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If you frequently use a networked drive (or “share”) with Windows 11, you can map it to a drive letter in File Explorer to make it appear more like a local drive and quickly access it in the future. Here’s how to do it.

First, open File Explorer. If you don’t have a shortcut to File Explorer in your taskbar, right-click the Start button and select “File Explorer.”

Right-click the Start button and select "File Explorer" in the list.

In a File Explorer window, click the ellipses button (three dots) in the toolbar, then select “Map Network Drive” in the menu that appears.

Click the ellipses (three dots) button in the File Explorer toolbar and select "Map Network Drive."

In the “Map Network Drive” window, click the “Drive” drop-down menu and select a drive letter that you will assign to the network drive. It can be any letter in the list, depending on your personal preference.

In the “Folder” field, enter the network device and share name. If you don’t remember it, click “Browse” to see available devices on your local network.

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If you want Windows to always reconnect to this drive every time you sign in, check the box beside “Reconnect at sign-in.” And if you want to connect with credentials (username and password) other than the ones linked to your current Windows account, check “Connect Using Different Credentials.”

When you’re done, click “Finish.”

Select a drive letter, enter the network share name, then click "Finish."

After clicking “Finish,” Windows 11 will attempt to connect to the network drive. If your default credentials fail, or if you checked “Connect Using Different Credentials” in the last step, you’ll see a “Windows Security” window where you can enter the user name and password required to access the drive.

If you want Windows to always remember this user name and password for the drive (so you don’t have to enter them again), check “Remember My Credentials.” When you’re done, click “OK.”

Enter your network credentials, then click "OK."

Windows 11 will connect to the drive and map it to the drive letter you selected. If you open File Explorer and look at “This PC,” you’ll see the mapped drive listed under “Network Locations.”

An example of a mapped network drive in File Explorer on Windows 11.

The mapped drive will also appear in the File Explorer sidebar under “Network.”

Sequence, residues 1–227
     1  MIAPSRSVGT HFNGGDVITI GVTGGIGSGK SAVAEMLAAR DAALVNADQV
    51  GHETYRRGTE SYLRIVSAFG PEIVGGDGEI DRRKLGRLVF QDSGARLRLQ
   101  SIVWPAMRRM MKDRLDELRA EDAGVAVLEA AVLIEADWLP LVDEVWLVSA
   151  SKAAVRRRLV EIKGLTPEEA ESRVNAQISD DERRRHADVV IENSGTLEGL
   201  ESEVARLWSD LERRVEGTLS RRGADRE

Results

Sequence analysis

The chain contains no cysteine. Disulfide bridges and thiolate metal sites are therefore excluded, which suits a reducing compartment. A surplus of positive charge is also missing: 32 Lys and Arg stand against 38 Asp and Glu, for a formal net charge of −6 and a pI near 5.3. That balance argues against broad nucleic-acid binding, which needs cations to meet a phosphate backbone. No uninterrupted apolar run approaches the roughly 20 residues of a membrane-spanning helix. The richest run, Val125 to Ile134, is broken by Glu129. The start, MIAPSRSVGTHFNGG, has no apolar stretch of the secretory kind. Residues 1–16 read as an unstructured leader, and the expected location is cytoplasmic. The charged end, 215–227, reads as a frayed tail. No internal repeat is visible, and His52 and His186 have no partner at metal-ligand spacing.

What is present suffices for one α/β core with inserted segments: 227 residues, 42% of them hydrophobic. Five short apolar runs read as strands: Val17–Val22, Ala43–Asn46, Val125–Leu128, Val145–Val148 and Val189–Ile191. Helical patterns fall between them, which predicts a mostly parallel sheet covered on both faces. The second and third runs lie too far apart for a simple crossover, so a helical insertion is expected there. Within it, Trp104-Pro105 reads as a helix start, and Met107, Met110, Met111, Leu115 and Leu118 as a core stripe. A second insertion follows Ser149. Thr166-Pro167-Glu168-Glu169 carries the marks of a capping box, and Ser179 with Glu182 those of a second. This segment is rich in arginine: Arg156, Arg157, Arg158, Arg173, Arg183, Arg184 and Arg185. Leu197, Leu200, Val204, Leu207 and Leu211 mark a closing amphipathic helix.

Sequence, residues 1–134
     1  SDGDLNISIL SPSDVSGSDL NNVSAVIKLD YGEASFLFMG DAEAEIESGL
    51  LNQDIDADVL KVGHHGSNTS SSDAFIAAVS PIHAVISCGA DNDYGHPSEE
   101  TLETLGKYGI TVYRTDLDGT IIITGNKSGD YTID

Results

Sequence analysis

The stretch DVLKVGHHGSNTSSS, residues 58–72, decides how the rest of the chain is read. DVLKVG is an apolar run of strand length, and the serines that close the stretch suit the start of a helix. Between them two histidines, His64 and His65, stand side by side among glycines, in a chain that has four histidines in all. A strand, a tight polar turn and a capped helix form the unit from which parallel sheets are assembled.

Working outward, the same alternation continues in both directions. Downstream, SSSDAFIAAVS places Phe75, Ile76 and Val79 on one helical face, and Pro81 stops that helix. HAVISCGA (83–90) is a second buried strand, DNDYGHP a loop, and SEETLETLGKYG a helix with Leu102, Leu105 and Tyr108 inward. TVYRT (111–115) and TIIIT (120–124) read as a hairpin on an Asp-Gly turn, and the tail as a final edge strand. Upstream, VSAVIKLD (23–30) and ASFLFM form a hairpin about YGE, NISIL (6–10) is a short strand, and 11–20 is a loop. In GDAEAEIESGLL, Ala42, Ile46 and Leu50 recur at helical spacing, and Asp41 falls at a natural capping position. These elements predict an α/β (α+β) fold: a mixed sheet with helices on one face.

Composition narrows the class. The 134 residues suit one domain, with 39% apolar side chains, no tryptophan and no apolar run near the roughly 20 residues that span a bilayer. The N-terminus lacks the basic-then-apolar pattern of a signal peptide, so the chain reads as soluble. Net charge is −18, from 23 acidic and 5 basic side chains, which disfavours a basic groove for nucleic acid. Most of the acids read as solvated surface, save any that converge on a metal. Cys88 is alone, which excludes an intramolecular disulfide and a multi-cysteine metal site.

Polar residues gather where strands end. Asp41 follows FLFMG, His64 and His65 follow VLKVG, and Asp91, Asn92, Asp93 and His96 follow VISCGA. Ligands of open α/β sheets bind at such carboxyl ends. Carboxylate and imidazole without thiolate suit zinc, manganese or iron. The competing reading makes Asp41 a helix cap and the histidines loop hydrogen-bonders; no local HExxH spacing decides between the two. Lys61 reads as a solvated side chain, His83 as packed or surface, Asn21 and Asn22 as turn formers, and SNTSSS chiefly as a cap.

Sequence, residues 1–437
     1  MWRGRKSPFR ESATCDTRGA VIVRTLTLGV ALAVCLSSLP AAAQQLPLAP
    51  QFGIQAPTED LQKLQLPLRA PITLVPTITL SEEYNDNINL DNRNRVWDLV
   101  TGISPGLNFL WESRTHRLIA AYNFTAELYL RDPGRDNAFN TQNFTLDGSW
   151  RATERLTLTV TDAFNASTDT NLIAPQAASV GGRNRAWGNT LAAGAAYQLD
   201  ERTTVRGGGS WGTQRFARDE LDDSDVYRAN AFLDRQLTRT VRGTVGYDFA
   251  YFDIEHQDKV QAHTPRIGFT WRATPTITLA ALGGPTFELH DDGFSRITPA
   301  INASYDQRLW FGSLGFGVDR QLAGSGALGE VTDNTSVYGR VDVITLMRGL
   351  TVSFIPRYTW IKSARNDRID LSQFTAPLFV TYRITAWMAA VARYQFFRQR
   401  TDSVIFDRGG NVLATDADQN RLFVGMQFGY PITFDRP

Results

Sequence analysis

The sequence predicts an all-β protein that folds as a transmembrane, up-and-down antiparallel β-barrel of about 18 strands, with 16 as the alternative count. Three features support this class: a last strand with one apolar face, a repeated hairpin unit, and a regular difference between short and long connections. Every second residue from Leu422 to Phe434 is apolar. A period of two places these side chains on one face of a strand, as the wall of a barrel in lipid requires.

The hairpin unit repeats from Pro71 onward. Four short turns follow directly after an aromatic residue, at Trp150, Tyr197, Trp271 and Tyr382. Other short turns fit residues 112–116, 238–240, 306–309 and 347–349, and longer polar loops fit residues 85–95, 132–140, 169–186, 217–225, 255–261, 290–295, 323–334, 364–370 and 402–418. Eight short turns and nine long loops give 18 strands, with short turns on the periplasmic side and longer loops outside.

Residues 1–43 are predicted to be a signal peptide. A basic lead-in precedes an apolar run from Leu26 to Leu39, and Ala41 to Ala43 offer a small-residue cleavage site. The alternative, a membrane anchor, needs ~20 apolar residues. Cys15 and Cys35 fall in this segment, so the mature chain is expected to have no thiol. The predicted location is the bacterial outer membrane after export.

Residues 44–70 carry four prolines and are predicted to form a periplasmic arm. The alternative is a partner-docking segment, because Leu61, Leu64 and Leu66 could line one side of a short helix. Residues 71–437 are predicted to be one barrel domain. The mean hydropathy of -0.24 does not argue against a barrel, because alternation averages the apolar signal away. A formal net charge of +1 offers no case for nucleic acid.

Whenever you open the mapped drive (if you have read and write access), you can use it almost exactly like a local drive connected to your machine. But keep in mind that it will probably be slower than your local drives because data is being transferred to and from a network instead of through a local connection like USB or SATA.

RELATED: NVMe vs. SATA: Which SSD Technology Is Faster?

How to Disconnect a Mapped Network Drive

To disconnect a mapped network drive, first open File Explorer. In the toolbar of any File Explorer window, click the ellipses button (three dots) and select “Disconnect Network Drive.”

Click the ellipses (three dots) button in the File Explorer toolbar and select "Disconnect Network Drive."

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In the “Disconnect Network Drives” window that appears, select the drive you’d like to disconnect, then click “OK.”

Select the drive you want to disconnect, then click "OK."

Alternately, you can locate the mapped drive in File Explorer, then right-click it. Select “Show More Options” in the first menu that appears, then “Disconnect” in the second menu.

Right click the mapped drive and select "Show More Options," then "Disconnect."

After that, the drive will be disconnected and no longer mapped. It will also free up the previously reserved drive letter used by the mapped drive. Happy networking!

RELATED: How to Work With Network Drives & Network Locations

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Benj Edwards is an Associate Editor for How-To Geek. For over 15 years, he has written about technology and tech history for sites such as The Atlantic, Fast Company, PCMag, PCWorld, Macworld, Ars Technica, and Wired. In 2005, he created Vintage Computing and Gaming, a blog devoted to tech history. He also created The Culture of Tech podcast and regularly contributes to the Retronauts retrogaming podcast.
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